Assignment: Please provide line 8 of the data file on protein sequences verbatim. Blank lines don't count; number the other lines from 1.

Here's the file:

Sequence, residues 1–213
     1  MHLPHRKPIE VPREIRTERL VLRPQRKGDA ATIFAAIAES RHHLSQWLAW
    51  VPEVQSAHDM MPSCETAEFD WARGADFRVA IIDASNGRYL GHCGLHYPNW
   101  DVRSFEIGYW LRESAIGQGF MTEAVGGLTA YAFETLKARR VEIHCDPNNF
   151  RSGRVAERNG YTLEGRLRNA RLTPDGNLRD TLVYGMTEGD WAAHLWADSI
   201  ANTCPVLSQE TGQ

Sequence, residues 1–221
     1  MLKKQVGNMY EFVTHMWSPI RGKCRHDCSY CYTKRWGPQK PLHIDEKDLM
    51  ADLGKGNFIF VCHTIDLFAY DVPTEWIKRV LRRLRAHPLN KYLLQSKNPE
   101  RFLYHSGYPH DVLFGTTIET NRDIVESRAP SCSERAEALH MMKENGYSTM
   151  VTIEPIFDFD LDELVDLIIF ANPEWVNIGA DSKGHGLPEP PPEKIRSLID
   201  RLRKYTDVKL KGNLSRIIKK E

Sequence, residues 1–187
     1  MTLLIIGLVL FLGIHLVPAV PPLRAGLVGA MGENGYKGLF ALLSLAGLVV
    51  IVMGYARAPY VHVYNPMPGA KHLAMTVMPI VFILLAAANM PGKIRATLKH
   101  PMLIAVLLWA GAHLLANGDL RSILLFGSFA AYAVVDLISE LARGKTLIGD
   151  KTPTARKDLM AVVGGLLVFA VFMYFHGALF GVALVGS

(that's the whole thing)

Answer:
     1  MLKKQVGNMY EFVTHMWSPI RGKCRHDCSY CYTKRWGPQK PLHIDEKDLM